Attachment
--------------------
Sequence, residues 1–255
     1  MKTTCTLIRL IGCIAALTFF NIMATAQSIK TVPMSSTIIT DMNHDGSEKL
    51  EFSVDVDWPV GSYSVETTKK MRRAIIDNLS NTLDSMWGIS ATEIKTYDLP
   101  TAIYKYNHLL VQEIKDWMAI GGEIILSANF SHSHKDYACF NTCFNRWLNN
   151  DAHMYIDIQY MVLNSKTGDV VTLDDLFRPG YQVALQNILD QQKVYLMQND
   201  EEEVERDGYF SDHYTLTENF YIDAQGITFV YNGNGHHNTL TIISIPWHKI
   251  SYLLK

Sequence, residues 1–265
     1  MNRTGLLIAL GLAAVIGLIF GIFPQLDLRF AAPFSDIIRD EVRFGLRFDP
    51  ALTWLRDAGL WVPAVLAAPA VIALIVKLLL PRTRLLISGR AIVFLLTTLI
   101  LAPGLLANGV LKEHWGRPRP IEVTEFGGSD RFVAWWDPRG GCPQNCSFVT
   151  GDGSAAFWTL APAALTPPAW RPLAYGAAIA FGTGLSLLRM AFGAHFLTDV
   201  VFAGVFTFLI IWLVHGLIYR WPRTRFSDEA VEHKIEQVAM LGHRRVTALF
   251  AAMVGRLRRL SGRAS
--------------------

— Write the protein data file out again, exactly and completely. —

Sequence, residues 1–255
     1  MKTTCTLIRL IGCIAALTFF NIMATAQSIK TVPMSSTIIT DMNHDGSEKL
    51  EFSVDVDWPV GSYSVETTKK MRRAIIDNLS NTLDSMWGIS ATEIKTYDLP
   101  TAIYKYNHLL VQEIKDWMAI GGEIILSANF SHSHKDYACF NTCFNRWLNN
   151  DAHMYIDIQY MVLNSKTGDV VTLDDLFRPG YQVALQNILD QQKVYLMQND
   201  EEEVERDGYF SDHYTLTENF YIDAQGITFV YNGNGHHNTL TIISIPWHKI
   251  SYLLK

Sequence, residues 1–265
     1  MNRTGLLIAL GLAAVIGLIF GIFPQLDLRF AAPFSDIIRD EVRFGLRFDP
    51  ALTWLRDAGL WVPAVLAAPA VIALIVKLLL PRTRLLISGR AIVFLLTTLI
   101  LAPGLLANGV LKEHWGRPRP IEVTEFGGSD RFVAWWDPRG GCPQNCSFVT
   151  GDGSAAFWTL APAALTPPAW RPLAYGAAIA FGTGLSLLRM AFGAHFLTDV
   201  VFAGVFTFLI IWLVHGLIYR WPRTRFSDEA VEHKIEQVAM LGHRRVTALF
   251  AAMVGRLRRL SGRAS